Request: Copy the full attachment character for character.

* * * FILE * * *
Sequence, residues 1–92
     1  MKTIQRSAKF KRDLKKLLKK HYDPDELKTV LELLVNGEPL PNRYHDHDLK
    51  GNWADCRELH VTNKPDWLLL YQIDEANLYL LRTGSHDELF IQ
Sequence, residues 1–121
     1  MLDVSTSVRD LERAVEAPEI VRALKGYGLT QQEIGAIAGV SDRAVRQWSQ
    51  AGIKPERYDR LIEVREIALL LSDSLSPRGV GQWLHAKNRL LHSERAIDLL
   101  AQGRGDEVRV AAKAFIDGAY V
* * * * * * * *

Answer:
Sequence, residues 1–92
     1  MKTIQRSAKF KRDLKKLLKK HYDPDELKTV LELLVNGEPL PNRYHDHDLK
    51  GNWADCRELH VTNKPDWLLL YQIDEANLYL LRTGSHDELF IQ
Sequence, residues 1–121
     1  MLDVSTSVRD LERAVEAPEI VRALKGYGLT QQEIGAIAGV SDRAVRQWSQ
    51  AGIKPERYDR LIEVREIALL LSDSLSPRGV GQWLHAKNRL LHSERAIDLL
   101  AQGRGDEVRV AAKAFIDGAY V